HOME AFFORDABILITY is finally taking a hit now that mortgage rates have ticked higher. Last May, I wrote that property prices were through the roof but homes were still affordable. The reason: Historically low borrowing rates, coupled with record high median family income, had offset robust home prices.
The National Association of Realtors’ latest figures show housing affordability rivals that of last May. But the figures don’t yet reflect higher interest rates. Freddie Mac posts the latest set of mortgage rates each Thursday. The most recent data show that the average 30-year fixed-rate mortgage has surged from 2.77% last August to 3.55% for the week ending Jan. 27. Similarly, 15-year fixed-rate mortgages have jumped 0.7 percentage point since August.
Meanwhile, the most recent S&P CoreLogic Case-Shiller National Home Price Index shows that real estate prices continue to rise sharply, up 18.8% in the year through November. Zillow’s price index, which was updated Dec. 31, indicates that the median home value is now $320,662, up 19.6% from a year earlier.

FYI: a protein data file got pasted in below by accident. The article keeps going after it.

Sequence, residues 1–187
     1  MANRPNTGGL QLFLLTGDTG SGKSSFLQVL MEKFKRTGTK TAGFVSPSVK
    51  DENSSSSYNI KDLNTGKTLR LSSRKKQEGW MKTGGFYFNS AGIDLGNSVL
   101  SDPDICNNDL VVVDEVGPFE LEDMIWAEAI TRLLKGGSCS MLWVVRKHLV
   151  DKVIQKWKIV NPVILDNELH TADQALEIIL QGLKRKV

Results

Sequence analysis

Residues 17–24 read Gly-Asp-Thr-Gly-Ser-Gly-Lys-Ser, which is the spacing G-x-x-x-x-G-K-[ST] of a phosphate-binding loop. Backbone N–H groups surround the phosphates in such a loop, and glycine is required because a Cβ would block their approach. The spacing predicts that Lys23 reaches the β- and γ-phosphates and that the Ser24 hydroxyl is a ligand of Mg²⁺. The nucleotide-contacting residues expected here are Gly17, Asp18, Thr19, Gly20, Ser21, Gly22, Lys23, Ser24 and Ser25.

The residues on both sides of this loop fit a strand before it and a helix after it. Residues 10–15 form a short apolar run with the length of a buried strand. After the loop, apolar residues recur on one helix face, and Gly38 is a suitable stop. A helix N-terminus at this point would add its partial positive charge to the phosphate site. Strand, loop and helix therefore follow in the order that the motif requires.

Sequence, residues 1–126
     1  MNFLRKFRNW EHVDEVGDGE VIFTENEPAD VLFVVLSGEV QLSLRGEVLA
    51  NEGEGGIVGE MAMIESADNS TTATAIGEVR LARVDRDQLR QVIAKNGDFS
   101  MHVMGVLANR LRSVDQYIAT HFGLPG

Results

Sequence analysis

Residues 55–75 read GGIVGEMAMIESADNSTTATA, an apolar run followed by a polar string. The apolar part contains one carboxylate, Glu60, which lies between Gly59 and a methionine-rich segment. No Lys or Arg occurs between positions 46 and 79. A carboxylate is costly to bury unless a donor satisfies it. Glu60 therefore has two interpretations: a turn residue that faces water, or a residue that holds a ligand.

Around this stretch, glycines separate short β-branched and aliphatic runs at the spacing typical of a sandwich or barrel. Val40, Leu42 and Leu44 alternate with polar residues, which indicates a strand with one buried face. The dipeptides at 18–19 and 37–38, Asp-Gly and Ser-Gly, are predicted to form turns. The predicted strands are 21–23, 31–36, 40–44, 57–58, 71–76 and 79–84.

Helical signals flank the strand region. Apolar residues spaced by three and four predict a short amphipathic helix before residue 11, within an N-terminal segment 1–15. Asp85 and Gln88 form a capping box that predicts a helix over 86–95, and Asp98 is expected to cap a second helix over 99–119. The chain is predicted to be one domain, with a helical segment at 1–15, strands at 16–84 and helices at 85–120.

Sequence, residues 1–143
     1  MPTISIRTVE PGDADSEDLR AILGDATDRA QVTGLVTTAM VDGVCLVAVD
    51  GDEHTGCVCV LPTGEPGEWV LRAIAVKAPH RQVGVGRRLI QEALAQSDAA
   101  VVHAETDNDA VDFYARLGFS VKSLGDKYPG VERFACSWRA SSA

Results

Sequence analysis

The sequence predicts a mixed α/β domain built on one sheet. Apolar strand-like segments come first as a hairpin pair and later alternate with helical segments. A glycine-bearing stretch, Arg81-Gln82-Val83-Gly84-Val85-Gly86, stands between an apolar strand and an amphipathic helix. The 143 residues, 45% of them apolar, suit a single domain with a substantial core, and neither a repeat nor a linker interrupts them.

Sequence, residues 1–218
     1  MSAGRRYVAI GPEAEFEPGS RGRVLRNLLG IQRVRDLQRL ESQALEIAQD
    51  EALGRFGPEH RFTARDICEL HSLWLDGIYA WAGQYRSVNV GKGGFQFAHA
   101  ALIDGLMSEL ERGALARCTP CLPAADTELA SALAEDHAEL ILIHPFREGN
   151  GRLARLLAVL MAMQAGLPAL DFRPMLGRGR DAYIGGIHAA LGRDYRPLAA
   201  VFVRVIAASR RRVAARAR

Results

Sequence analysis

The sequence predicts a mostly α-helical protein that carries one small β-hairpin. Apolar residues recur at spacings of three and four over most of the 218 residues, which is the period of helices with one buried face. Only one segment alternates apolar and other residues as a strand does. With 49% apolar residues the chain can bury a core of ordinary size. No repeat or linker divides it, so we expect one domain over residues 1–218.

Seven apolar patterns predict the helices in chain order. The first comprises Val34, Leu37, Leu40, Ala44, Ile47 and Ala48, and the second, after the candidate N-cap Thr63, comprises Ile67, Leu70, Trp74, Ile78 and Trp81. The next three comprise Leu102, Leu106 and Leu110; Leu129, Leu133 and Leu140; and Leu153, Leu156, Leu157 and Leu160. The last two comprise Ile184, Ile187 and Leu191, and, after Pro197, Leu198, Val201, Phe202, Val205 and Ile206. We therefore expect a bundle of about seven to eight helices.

On the income front, families might have tighter purse strings this year, since further stimulus payments are unlikely. Recall that in 2021 stimulus checks were doled out to low- and middle-income individuals and families in January and March. Enhanced child tax credits also boosted checking accounts. In January, for the first time in six months, families didn’t receive those payments.
All these factors should result in worse home affordability readings from the National Association of Realtors. Housing, it seems, might finally be out of reach for some prospective buyers.